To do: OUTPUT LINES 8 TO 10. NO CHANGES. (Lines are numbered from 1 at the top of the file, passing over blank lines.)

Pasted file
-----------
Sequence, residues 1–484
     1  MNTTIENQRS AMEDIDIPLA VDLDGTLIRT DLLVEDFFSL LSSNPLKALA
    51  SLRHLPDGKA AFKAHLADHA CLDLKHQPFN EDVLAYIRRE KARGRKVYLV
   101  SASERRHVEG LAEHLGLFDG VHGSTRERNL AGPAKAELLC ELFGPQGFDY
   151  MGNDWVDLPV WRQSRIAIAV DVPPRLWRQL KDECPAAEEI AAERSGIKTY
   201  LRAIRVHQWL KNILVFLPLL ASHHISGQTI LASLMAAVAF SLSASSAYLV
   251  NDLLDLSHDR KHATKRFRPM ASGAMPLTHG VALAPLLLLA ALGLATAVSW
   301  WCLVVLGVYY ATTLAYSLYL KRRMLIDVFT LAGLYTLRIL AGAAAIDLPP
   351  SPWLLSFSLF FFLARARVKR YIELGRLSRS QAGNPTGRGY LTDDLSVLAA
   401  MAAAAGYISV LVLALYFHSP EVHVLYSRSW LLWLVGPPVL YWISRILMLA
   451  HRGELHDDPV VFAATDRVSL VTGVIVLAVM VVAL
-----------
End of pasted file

   301  WCLVVLGVYY ATTLAYSLYL KRRMLIDVFT LAGLYTLRIL AGAAAIDLPP
   351  SPWLLSFSLF FFLARARVKR YIELGRLSRS QAGNPTGRGY LTDDLSVLAA
   401  MAAAAGYISV LVLALYFHSP EVHVLYSRSW LLWLVGPPVL YWISRILMLA